Berks Cardiologists, Ltd.

Visit our second location at 1816 West Market Street, Pottsville, PA

Terms & Definitions

Terms are in alphabetical order. Click on the + symbol to expand definition.

Abdominal Aortic Aneurysm
An abdominal aortic aneurysm is when the large blood vessel (aorta) that supplies blood to the abdomen, pelvis, and legs becomes abnormally large or balloons outward.

Ablation Therapy
Ablation therapy is a type of minimally invasive procedure used to remove abnormal tissue that occurs with some heart conditions, blood vessel (vascular) conditions, reproductive conditions and cancer.

Angina
Stable angina is chest pain or discomfort that usually occurs with activity or stress. Angina is chest discomfort due to poor blood flow through the blood vessels in the heart.

Angioplasty
Coronary angioplasty (AN-jee-oh-plas-tee) is a procedure used to open narrow or blocked coronary (heart) arteries. The procedure restores blood flow to the heart muscle.

Antiphospholipid Syndrome
Antiphospholipid syndrome or antiphospholipid antibody syndrome (APS or APLS or), often also Hughes syndrome, is an autoimmune, hypercoagulable state caused by antiphospholipid antibodies. APS provokes blood clots (thrombosis) in both arteries and veins as well as pregnancy-related complications such as miscarriage, stillbirth, preterm delivery, or severe preeclampsia.

Aortic Dissection
Aortic dissection occurs when a tear in the inner wall of the aorta causes blood to flow between the layers of the wall of the aorta, forcing the layers apart. In most cases this is associated with severe characteristic chest or abdominal pain described as “tearing” in character, and often with other symptoms that result from decreased blood supply to other organs. Aortic dissection is a medical emergency and can quickly lead to death, even with optimal treatment, as a result of decreased blood supply to other organs, cardiac failure, and sometimes rupture of the aorta. Aortic dissection is more common in those with a history of high blood pressure, a known thoracic aortic aneurysm, and in a number of conditions that affect blood vessel wall integrity such as Marfan syndrome and the vascular subtype of Ehlers–Danlos syndrome. The diagnosis is made with medical imaging (computed tomography, magnetic resonance imaging or echocardiography).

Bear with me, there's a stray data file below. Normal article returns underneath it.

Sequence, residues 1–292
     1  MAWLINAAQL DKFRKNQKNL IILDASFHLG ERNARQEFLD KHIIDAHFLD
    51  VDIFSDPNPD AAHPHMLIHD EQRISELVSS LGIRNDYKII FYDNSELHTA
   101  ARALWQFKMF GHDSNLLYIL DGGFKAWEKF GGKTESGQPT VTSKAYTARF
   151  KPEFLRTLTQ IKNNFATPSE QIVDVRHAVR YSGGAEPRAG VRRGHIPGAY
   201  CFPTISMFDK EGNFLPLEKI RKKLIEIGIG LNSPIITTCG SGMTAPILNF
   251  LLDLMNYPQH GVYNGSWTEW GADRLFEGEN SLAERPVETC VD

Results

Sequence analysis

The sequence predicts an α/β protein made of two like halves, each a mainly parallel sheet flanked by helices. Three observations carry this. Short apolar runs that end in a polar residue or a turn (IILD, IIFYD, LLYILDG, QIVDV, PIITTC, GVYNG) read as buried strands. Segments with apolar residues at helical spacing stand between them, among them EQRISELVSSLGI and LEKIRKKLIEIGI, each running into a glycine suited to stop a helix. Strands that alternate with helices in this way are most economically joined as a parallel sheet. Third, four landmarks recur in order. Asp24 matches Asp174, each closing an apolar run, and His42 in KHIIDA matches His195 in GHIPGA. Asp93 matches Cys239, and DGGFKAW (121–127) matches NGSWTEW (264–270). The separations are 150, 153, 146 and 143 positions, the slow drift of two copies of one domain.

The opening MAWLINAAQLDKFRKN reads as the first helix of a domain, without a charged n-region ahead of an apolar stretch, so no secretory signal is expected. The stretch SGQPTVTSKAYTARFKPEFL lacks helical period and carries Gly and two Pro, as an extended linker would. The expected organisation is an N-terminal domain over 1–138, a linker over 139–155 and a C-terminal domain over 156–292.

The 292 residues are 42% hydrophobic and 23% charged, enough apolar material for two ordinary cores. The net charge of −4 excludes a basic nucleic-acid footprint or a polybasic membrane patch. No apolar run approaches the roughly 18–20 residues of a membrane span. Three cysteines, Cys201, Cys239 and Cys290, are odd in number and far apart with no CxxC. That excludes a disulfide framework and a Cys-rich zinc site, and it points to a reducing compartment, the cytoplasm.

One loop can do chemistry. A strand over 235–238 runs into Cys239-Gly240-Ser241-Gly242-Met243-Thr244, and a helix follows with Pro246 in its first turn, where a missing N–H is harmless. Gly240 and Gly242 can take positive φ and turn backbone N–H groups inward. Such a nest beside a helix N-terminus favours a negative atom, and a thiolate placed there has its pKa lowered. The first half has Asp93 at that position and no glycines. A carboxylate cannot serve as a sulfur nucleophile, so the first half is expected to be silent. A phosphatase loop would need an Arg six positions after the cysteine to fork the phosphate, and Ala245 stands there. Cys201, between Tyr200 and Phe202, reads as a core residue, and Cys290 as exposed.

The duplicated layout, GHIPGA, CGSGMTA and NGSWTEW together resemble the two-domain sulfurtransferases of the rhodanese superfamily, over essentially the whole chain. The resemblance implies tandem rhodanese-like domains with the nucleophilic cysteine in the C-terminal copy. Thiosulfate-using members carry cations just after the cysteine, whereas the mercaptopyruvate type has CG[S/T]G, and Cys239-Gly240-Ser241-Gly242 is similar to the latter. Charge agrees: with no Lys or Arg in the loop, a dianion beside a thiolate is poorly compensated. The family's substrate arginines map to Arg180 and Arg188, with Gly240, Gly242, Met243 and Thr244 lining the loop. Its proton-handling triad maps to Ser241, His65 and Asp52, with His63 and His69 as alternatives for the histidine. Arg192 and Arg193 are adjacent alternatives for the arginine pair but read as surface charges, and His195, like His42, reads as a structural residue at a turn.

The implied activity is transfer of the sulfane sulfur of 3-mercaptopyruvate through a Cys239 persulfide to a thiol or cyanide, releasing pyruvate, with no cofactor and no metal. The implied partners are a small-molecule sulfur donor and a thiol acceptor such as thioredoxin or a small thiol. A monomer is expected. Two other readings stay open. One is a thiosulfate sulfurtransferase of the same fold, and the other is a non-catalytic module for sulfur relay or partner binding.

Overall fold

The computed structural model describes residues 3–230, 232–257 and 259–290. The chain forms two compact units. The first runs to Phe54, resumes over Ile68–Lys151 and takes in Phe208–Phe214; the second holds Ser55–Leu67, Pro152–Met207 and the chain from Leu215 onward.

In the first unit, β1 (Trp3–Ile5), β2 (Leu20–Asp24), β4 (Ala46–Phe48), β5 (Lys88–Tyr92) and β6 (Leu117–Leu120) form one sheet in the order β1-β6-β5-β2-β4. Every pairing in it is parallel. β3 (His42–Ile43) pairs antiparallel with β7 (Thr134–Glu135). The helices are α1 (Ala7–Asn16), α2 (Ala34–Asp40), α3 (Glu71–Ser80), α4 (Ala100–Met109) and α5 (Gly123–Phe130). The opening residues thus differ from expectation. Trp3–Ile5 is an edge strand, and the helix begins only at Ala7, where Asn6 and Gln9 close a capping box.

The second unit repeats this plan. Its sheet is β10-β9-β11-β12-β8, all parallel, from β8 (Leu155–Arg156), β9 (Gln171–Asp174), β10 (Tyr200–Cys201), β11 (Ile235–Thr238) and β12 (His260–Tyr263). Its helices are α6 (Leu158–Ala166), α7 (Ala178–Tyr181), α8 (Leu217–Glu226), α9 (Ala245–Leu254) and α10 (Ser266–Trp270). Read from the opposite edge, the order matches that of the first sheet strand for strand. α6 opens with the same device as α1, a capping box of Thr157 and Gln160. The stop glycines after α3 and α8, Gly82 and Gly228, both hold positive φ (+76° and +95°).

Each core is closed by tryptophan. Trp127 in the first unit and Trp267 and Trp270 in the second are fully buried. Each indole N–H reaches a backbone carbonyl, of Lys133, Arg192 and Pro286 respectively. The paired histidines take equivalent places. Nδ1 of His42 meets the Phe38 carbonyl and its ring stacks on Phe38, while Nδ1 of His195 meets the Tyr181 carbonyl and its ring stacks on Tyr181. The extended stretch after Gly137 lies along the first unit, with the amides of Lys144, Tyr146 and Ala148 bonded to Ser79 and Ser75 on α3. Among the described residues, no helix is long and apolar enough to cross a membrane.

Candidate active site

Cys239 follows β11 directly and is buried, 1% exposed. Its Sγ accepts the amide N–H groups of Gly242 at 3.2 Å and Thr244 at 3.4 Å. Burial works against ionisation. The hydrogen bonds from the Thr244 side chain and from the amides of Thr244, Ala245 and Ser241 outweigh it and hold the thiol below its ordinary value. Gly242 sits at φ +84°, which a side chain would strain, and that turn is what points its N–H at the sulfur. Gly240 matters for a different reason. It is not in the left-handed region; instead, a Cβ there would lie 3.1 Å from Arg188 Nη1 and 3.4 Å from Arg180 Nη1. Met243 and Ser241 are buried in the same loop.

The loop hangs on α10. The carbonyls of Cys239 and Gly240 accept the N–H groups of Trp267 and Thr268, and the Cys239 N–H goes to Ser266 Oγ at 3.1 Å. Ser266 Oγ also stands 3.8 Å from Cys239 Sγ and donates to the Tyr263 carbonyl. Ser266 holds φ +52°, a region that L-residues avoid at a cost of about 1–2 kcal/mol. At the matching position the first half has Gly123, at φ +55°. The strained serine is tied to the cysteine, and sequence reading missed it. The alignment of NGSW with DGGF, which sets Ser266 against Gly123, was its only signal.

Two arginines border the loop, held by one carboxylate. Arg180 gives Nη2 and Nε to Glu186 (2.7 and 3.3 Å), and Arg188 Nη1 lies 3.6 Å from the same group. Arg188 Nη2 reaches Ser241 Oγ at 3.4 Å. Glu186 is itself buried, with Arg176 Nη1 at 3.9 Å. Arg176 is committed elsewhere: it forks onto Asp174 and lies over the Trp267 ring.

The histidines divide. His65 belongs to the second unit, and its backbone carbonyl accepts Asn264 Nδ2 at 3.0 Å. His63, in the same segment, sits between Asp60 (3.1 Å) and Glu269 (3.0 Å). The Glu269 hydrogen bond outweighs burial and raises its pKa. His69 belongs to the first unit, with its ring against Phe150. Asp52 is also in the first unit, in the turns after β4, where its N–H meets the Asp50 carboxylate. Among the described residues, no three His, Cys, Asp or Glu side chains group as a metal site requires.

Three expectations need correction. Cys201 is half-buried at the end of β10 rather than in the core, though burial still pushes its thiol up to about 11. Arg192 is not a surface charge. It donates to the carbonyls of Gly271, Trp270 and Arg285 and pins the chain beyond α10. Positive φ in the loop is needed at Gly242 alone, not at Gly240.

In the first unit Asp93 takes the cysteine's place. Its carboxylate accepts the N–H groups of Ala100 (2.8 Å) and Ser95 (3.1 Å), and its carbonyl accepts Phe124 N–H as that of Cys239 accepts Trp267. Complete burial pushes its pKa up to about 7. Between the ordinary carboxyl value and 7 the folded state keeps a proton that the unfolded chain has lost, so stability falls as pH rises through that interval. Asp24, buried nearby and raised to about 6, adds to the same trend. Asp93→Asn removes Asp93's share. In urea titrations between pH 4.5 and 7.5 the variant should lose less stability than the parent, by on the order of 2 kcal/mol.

Aortic Regurgitation
Aortic regurgitation (AR) is the diastolic flow of blood from the aorta into the left ventricle (LV). Regurgitation is due to incompetence of the aortic valve or any disturbance of the valvular apparatus (eg, leaflets, annulus of the aorta) resulting in the diastolic flow of blood into the left ventricular chamber.

Aortic Stenosis
The aorta is the main artery carrying blood out of the heart. When blood leaves the heart, it flows through the aortic valve, into the aorta. In aortic stenosis, the aortic valve does not open fully. This decreases blood flow from the heart.

Arrythmias
An arrhythmia (ah-RITH-me-ah) is a problem with the rate or rhythm of the heartbeat. During an arrhythmia, the heart can beat too fast, too slow, or with an irregular rhythm.